• Woodworking 2

    Course Syllabus


    St. Helens High School


    Course:                                   Building Construction 17049

    Prerequisites:                         Woodworking 17006

    Articulated PCC courses:     BCT 103 Residential Materials/Methods – 3 Credits

    BCT 106 Hand Tool/Power Tool Use & Safety – 3 Credits

    Course Period:                      1st, 2nd, 6th

    Course / office location:        Building D Room 64

    Course Duration:                  Full year  – (175 days X 50 min)

    Instructor:                              Joe Mauck                            

    Office hours:                          8:00am to 3:30pm

    Office phone:                         (503) 366-7416

    E-Mail            :                                   joem@sthelens.k12.or.us


    SHHS Course Description

    This course is an introduction to the basic building materials, components, methods, and sequences in residential construction.  It is designed to give students basic, entry level skills in construction and related trades along with an overview of career opportunities available.  Emphasis is placed on safety and the proper use of both hand and power tools.  This course provides students the experience of participating in the building of a house along with various woodworking skill building projects. 


    PCC BCT 103 Residential Materials/Methods – 3 Credit Hours

    Introduces function and performance characteristics of basic building materials, components, methods, and sequences in the construction process. Emphasizes residential construction.


    PCC BCT 106 Hand Tool/Power Tool Use & Safety – 3 Credit Hours

    Develops understanding of the hand tools and power tools used in the construction trades. Identifies commonly used hand/power tools, select the correct tool to complete assigned projects and work in a safe and competent manner. Emphasizes safety and care of tools.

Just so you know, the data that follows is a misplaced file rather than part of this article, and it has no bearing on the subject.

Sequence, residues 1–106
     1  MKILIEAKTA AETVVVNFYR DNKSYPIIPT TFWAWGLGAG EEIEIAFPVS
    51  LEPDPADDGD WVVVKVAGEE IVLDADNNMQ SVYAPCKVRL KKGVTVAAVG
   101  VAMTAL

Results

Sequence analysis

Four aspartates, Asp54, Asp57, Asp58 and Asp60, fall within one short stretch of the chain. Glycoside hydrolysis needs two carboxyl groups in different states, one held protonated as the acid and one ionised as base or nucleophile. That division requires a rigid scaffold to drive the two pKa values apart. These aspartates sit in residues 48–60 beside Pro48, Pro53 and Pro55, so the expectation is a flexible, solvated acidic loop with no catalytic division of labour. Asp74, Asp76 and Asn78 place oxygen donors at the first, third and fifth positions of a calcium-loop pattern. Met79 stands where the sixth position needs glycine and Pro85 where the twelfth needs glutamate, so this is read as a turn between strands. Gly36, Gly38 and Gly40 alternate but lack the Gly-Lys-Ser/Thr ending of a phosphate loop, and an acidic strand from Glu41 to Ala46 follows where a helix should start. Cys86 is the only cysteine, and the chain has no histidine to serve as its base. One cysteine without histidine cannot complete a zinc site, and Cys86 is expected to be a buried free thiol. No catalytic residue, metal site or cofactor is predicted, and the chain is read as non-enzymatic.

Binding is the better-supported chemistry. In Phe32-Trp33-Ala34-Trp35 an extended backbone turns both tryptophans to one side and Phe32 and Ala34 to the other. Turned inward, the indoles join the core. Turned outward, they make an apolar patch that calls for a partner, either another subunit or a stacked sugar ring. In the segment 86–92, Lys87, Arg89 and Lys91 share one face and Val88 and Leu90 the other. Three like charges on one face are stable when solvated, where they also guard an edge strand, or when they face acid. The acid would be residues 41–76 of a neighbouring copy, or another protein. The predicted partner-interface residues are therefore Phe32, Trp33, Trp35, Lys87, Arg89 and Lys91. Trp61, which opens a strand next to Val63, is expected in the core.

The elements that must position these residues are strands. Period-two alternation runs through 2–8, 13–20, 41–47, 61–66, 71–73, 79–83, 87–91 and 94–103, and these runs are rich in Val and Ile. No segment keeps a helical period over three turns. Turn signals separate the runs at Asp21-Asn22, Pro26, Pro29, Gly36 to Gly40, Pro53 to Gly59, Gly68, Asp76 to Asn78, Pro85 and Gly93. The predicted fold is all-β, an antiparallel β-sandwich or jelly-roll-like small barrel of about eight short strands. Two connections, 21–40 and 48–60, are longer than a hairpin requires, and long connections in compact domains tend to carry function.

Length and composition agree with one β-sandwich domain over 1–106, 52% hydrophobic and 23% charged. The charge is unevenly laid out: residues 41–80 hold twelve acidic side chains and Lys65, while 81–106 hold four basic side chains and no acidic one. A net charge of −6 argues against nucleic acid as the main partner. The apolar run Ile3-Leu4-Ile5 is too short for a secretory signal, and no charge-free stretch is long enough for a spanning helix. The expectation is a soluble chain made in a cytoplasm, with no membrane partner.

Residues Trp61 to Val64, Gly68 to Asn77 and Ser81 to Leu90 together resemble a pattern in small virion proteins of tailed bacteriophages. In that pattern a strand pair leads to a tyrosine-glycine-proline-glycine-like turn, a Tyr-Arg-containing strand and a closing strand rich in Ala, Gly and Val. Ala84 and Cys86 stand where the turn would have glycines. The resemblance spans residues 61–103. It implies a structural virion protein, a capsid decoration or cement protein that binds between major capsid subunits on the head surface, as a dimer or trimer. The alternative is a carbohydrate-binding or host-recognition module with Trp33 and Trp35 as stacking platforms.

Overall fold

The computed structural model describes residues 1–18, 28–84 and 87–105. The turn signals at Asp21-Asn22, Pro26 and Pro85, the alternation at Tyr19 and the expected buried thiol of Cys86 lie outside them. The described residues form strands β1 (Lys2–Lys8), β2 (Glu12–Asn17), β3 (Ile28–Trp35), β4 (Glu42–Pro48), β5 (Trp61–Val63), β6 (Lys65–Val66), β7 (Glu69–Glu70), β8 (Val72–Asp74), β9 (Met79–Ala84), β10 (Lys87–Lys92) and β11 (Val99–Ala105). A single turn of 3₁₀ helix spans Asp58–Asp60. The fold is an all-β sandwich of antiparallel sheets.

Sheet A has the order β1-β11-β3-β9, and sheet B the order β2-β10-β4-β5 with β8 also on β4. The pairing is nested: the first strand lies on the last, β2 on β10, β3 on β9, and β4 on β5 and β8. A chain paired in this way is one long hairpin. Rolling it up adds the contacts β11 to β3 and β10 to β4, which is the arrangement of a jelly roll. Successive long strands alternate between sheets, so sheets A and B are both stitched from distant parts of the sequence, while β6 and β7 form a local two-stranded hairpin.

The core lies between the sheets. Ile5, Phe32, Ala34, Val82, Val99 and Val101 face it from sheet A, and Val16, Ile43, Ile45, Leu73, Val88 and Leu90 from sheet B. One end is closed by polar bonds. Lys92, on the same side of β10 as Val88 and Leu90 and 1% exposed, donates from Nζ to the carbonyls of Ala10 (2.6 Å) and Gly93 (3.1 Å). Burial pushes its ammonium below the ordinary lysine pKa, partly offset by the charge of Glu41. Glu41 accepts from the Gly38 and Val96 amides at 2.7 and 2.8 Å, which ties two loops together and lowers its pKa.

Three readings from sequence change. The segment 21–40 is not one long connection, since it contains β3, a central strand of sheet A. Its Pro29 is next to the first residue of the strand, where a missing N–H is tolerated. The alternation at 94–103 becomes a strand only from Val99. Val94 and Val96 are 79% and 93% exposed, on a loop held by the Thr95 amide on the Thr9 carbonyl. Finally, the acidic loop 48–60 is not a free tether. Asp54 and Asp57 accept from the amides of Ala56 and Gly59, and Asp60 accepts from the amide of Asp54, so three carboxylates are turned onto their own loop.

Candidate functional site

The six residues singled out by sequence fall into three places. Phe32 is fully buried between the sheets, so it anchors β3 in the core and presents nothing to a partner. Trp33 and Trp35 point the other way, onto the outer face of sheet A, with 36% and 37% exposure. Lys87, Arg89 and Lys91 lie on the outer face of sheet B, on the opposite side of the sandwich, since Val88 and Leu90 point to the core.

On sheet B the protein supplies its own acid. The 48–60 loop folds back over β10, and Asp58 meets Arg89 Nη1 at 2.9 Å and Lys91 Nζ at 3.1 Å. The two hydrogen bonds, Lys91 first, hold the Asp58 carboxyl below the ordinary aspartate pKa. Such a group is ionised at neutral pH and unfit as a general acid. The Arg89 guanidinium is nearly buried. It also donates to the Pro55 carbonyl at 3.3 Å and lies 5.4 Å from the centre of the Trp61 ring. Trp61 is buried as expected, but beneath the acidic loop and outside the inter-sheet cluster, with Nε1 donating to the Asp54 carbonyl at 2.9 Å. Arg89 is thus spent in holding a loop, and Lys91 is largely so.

Required Equipment and Supplies

    1. Pencil (every day)
    2. Proper work clothing (no high heels, sandals, etc)



    At the end of the quarter I will assign students a letter grade based on the following criteria:



    A =  90% to 100%

                            B =  80% to 89%

    C =  70% to 79%

    D =  60% to 69%

    F =    0% to 59%



    It is the student’s responsibility to account for material covered on days absent. I will calculate your grade by expressing your total accumulated points at the end of the term as a percentage of the possible points. It will be a letter grade based on approximately the following:


    1. Participation by way of Projects—85% of your grade
    2. Written work—15% of your grade


    In addition to the grading criteria you must meet the minimum requirements to pass:

    1. Pass ALL safety tests
    2. Complete all machine reports and check-outs in the first nine weeks


    Student must maintain a “C” grade continually to remain in the program.  Students whose grade falls below a “C” will be put on a plan of assistance for a period of up to two weeks.  Failure to complete the plan of assistance will result in removal from the program.


    PCC Grading guidelines:

    Letter Grades (A-F) or Pass/No Pass (P/NP)

    For specific information related to PCC grading guidelines, please refer to the PCC Dual Credit Student Handbook accessible through your high school instructor and located at: http://www.pcc.edu/prepare/head-start/dual-credit/documents/student-handbook.pdf.


    Attendance and Make-up Policy:

    Attendance is mandatory and missed work must be made up on the students own time during instructor office hours.


    Student Conduct Guidelines:


    PCC: www.pcc.edu/about/policy/student-rights/student-rights.pdf#code-of-student-conduct
    PCC Academic Integrity Policy: www.pcc.edu/about/policy/student-rights/documents/academic-integrity.pdf


    Title IX Non-Discrimination Statement:

    The high school is responsible for providing access, accommodations, flexibility, and additional/ supplemental services for special populations and protected classes of students.

     Portland Community College is committed to creating and fostering a learning and working environment based upon open communication and mutual respect. If you believe you have encountered sexual harassment, sexual misconduct, sexual assault, or discrimination based on race, color, religion, age, national origin, veteran status, sex, sexual orientation, gender identity or disability on a PCC campus, please contact the Office of Equity and Inclusion at (971) 722-5840 or equity.inclusion@pcc.edu.

     The instructor reserves the right to modify course content and/or substitute assignments and learning activities in response to institutional, weather or class situations.

    Flexibility Statement:
    The instructor reserves the right to modify course content and/or substitute assignments and learning activities in response to institutional, weather or class situations.